Making Freedom: The Underground Railroad and the Politics of Slavery

Making Freedom: The Underground Railroad and the Politics of Slavery

Making Freedom: The Underground Railroad and the Politics of Slavery

Making Freedom: The Underground Railroad and the Politics of Slavery

Synopsis

The 1850 Fugitive Slave Law, which mandated action to aid in the recovery of runaway slaves and denied fugitives legal rights if they were apprehended, quickly became a focal point in the debate over the future of slavery and the nature of the union. In Making Freedom, R. J. M. Blackett uses the experiences of escaped slaves and those who aided them to explore the inner workings of the Underground Railroad and the enforcement of the Fugitive Slave Law, while shedding light on the political effects of slave escape in southern states, border states, and the North.
Blackett highlights the lives of those who escaped, the impact of the fugitive slave cases, and the extent to which slaves planning to escape were aided by free blacks, fellow slaves, and outsiders who went south to entice them to escape. Using these stories of particular individuals, moments, and communities, Blackett shows how slave flight shaped national politics as the South witnessed slavery beginning to collapse and the North experienced a threat to its freedom.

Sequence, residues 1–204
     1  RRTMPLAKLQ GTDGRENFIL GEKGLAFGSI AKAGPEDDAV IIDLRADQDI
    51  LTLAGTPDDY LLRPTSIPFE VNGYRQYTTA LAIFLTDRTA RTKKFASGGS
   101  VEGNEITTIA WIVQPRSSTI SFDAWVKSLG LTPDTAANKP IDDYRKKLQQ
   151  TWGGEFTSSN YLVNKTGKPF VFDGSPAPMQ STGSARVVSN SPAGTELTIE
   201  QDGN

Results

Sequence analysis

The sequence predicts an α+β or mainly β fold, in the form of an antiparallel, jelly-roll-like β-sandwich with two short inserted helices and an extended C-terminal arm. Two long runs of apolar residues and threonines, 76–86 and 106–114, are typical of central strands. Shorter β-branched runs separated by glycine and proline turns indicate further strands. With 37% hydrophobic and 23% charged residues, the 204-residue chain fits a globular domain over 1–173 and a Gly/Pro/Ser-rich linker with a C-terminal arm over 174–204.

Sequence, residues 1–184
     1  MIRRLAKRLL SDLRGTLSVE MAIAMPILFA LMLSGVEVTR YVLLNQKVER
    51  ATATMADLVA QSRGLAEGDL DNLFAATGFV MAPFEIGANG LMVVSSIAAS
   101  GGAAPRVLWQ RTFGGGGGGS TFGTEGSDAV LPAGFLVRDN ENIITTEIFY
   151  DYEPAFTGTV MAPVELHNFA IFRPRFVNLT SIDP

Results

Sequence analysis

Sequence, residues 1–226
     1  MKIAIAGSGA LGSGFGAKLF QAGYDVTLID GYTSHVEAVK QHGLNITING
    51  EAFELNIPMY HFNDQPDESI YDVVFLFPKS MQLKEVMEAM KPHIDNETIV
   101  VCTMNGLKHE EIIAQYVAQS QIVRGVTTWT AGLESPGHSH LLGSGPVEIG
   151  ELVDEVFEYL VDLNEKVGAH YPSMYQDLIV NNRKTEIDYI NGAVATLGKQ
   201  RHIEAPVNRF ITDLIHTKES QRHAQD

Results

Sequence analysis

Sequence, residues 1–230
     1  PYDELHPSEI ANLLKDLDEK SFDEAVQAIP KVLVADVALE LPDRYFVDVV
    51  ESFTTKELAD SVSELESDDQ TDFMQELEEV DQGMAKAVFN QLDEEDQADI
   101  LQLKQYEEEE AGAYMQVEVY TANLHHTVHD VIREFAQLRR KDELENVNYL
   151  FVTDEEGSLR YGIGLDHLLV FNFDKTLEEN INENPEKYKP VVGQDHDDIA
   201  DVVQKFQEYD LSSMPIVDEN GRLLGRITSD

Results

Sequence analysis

Excerpt

Over the last few years, there has been reawakened interest in the operations of the Underground Railroad (UGRR), an interest that has risen to levels not seen since the 1890s, when the children of those involved in aiding slaves escape sought to preserve (and some would say glorify) the memory of their parents and the work they did in what was, by any measure, the most clandestine aspect of the antebellum abolitionist movement. The new history is more dispassionate in its praise of the range and effectiveness of the efforts of those who participated in the movement. It has also widened its coverage to include many who, in the earlier histories, had been thought to have played little or only peripheral roles. But most important of all, the new studies assess the work of the slaves themselves in affecting their own freedom. This new approach reflects a corresponding popular interest in the abolitionist movement. There are local, state, and federal government agencies devoted to promoting the study of the movement, websites that provide invaluable information on local events, countless conferences devoted to the theme, and national and local museums that explore the meaning of freedom and the workings of the UGRR. In . . .

Search by... Author
Show... All Results Primary Sources Peer-reviewed

Oops!

An unknown error has occurred. Please click the button below to reload the page. If the problem persists, please try again in a little while.